This small, scratch-resistant model had a stable, rubber-lined base and could hold all our knives, though the blade of the 12-inch slicing knife stuck out a bit. But inch-long gaps between its small magnets made coverage uneven and forced us to find the magnetic hot spots in order to secure the knives. Its acrylic guard made it safer to use but harder to insert knives and to clean.

Not Recommended

Messermeister Walnut Magnet Block

This handsome block was done in by its shape—a tippy, top-heavy quarter-circle that wasn’t tall or broad enough to keep the blades of three knives from poking out. It lacked a nonslip base, and its extra-strong magnets made it unnerving to attach or remove our heavy cleaver. Finally, it got a bit scratched after extensive use.


Epicurean Standing Knife Rack 12"

This magnetic block sheathed all our knives completely, though with a bit of crowding. But it was hard to insert each knife without hitting the block’s decorative slats on way down, and because the block was light and narrow, it wobbled when bumped. Worse, we couldn’t take it apart, so splatters that hit the interior were there to stay. Additionally, the outside stained easily, and when we wiped it down, the unit smelled like wet dog.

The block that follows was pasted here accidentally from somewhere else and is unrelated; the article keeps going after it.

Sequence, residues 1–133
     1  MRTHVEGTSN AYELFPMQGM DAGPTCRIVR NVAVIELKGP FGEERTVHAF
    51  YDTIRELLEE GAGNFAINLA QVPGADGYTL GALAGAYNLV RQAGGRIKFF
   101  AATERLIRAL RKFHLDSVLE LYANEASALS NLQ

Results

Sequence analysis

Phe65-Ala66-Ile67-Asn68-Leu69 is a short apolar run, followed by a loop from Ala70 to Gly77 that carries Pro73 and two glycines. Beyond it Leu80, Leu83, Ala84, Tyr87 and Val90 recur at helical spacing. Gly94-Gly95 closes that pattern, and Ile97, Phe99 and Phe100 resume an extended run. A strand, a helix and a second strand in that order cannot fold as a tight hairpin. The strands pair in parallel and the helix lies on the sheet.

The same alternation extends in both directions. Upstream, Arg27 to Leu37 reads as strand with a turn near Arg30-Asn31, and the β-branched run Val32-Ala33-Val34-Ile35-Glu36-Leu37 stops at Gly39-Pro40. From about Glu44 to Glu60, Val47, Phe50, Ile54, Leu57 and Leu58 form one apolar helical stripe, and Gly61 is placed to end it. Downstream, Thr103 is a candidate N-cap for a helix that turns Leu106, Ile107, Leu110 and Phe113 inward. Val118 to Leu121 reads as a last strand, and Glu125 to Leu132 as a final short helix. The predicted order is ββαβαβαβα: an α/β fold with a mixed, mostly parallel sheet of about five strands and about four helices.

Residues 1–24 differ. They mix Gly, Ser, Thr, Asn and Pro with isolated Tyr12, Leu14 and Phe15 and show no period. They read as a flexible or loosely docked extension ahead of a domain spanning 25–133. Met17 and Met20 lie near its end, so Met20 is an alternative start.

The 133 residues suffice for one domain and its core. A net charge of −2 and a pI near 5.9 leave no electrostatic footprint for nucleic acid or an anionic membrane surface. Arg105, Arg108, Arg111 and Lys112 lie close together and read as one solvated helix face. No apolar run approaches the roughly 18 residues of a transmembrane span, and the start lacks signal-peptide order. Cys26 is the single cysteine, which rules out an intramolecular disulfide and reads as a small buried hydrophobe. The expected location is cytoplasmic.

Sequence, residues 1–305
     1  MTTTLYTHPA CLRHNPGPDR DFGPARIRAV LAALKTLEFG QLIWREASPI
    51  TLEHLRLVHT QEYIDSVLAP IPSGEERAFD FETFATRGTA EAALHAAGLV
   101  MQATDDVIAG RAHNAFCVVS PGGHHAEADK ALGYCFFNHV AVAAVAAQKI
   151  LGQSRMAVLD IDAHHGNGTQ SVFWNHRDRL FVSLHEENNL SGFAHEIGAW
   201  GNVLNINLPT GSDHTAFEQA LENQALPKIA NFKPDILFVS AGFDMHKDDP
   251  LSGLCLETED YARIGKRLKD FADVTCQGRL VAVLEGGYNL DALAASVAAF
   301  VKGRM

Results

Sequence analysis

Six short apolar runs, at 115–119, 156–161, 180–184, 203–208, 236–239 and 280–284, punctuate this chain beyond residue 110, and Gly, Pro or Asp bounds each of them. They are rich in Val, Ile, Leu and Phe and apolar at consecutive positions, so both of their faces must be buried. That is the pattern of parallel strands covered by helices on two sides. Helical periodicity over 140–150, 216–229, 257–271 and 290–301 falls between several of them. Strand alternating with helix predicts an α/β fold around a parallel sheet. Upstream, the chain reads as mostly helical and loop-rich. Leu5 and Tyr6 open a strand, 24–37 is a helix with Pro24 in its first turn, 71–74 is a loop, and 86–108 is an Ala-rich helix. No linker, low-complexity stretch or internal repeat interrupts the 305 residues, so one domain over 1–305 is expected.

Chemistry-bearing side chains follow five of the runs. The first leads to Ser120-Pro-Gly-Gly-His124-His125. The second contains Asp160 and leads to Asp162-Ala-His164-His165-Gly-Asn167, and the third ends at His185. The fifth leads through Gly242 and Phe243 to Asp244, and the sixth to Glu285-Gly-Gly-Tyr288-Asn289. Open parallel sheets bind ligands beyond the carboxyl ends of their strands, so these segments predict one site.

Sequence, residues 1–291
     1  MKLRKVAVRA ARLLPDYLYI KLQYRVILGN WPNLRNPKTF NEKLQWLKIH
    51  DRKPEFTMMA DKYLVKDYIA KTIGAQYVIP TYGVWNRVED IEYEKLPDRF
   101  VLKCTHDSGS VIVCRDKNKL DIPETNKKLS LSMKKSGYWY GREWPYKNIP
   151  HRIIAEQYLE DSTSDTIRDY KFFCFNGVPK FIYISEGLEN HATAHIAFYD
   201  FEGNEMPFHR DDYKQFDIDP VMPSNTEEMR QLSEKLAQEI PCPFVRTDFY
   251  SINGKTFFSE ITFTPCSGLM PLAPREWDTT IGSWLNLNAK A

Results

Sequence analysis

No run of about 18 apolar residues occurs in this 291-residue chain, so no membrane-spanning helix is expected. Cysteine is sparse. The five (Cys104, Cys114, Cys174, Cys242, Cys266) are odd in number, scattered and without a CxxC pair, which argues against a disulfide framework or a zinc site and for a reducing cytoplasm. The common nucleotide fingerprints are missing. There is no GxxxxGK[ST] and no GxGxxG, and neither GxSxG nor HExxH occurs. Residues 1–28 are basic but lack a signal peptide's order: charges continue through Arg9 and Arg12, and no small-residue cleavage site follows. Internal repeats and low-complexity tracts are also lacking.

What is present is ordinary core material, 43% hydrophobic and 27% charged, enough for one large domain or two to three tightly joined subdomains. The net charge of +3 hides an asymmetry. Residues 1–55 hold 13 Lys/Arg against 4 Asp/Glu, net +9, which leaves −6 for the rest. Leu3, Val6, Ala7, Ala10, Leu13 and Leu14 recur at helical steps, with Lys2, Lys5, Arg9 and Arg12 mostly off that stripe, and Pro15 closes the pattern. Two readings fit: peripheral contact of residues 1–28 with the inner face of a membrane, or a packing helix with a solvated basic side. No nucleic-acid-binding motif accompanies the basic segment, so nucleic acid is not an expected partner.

Kapoosh Rondelle Knife Block

This model stabilized knives with a mass of stiff, spaghetti-like bristles that shed and nicked easily after extensive use, covering our knives with plastic debris. While all our knives fit securely, several of the blades stuck out, making this unit feel less safe overall. Finally, though the bristles could be removed and cleaned in the dishwasher, their nooks and crannies made this block hard to wash by hand.


Kuhn Rikon Vision Knife Block, Clear

This plastic block required us to aim each knife into the folds of an accordion-pleated insert that was removable for easy cleaning but got nicked easily with repeated use. Because we could only insert the knives vertically, longer knife blades stuck out; a cleaver was too wide to fit. The lightest model in our lineup, this block was dangerously top-heavy when loaded with knives.